Engaging with a Situated Display via Picture Messaging

Sense Editor
August 30, 2012


Physical spaces are made meaningful to us in a number of ways – by their form and materials, by the activities that take place in them and through social interaction with co-occupants of the space. Increasingly, we are now encountering hybrid electronic and physical spaces where computing capabilities are embedded into the environment or are mobile, personal and networked– environments known as ubiquitous computing. How do we create meaning for these hybrid spaces?

‘Situated action’ describes the idea that actions are contextualised by the location in which they take place. This has implications for ubiquitous computing as it suggests that not only do choices about input devices and display technologies (human/computer interfaces) affect interaction but so does the spatial configuration and physical context of the entire system, including the participants. Situated displays in the form of information boards, public notices and advertisements are common in the city. As these displays begin to incorporate electronic elements and become capable of being reconfigured by passers-by how do choices of position, input device and display technologies influence action and interaction with these hybrid electronic and physical spaces? Can these displays become catalysts for the creation of meaningful places?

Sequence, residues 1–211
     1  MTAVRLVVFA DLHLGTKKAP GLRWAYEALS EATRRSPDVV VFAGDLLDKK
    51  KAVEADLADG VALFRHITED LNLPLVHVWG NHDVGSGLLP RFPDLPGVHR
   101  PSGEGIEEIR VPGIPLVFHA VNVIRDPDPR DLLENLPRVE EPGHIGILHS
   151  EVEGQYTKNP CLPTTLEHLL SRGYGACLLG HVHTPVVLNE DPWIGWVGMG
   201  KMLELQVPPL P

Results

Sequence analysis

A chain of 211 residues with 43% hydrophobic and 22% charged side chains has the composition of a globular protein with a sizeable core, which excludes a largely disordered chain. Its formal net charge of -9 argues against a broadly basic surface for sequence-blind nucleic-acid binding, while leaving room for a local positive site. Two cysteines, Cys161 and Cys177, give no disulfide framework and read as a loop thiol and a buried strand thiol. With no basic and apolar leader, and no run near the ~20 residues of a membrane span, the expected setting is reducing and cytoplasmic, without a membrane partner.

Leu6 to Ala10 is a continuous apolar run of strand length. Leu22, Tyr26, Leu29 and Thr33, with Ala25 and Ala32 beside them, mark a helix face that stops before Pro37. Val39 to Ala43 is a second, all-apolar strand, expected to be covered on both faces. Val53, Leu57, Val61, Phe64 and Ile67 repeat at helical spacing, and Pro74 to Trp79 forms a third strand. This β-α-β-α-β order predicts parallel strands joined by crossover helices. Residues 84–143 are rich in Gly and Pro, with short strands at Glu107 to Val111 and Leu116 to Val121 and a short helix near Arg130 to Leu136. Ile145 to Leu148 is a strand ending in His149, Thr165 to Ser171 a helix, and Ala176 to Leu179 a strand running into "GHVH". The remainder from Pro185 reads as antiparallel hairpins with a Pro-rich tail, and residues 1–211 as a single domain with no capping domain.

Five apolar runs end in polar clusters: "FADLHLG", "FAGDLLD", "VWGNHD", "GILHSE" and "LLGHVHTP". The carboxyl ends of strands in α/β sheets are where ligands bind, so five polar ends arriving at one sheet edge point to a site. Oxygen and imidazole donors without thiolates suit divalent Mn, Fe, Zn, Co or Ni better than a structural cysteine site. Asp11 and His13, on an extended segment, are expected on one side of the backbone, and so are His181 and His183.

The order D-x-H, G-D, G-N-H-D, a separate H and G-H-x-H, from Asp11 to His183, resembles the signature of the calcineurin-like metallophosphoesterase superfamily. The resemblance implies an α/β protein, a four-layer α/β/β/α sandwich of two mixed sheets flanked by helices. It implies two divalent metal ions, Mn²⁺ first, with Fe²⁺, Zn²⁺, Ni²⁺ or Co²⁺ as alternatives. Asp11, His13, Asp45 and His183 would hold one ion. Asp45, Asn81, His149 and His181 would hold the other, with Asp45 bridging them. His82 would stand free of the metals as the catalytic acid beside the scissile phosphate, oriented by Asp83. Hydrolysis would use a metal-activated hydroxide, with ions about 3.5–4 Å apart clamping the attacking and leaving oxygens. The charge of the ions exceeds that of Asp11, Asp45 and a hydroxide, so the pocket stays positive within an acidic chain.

We have been investigating these questions through an installation called Joe Blogg in which MMS and SMS messages are sent from mobile phone to a socially situated, public display. A critical aspect of this system is that participants and audience are implicitly colocated in the same physical environment. Joe Blogg is an initial investigation into how situated technologies might also affect behaviour of people in the surrounding physical space. We designed the interface to allow participants freedom to direct the use and content of the system. We were interested to see if a collective sense of purpose or narrative would emerge from  the individual contributions.

In conclusion, our preliminary observations suggest that while picture messaging has the potential to engage participants with a situated display there are many contextual and interface factors to be considered. The location of the system, the motivation and reward for participation and the interface design all influence participants spontaneous interaction with a situated system. Despite these difficulties we feel this is an area worth investigating further.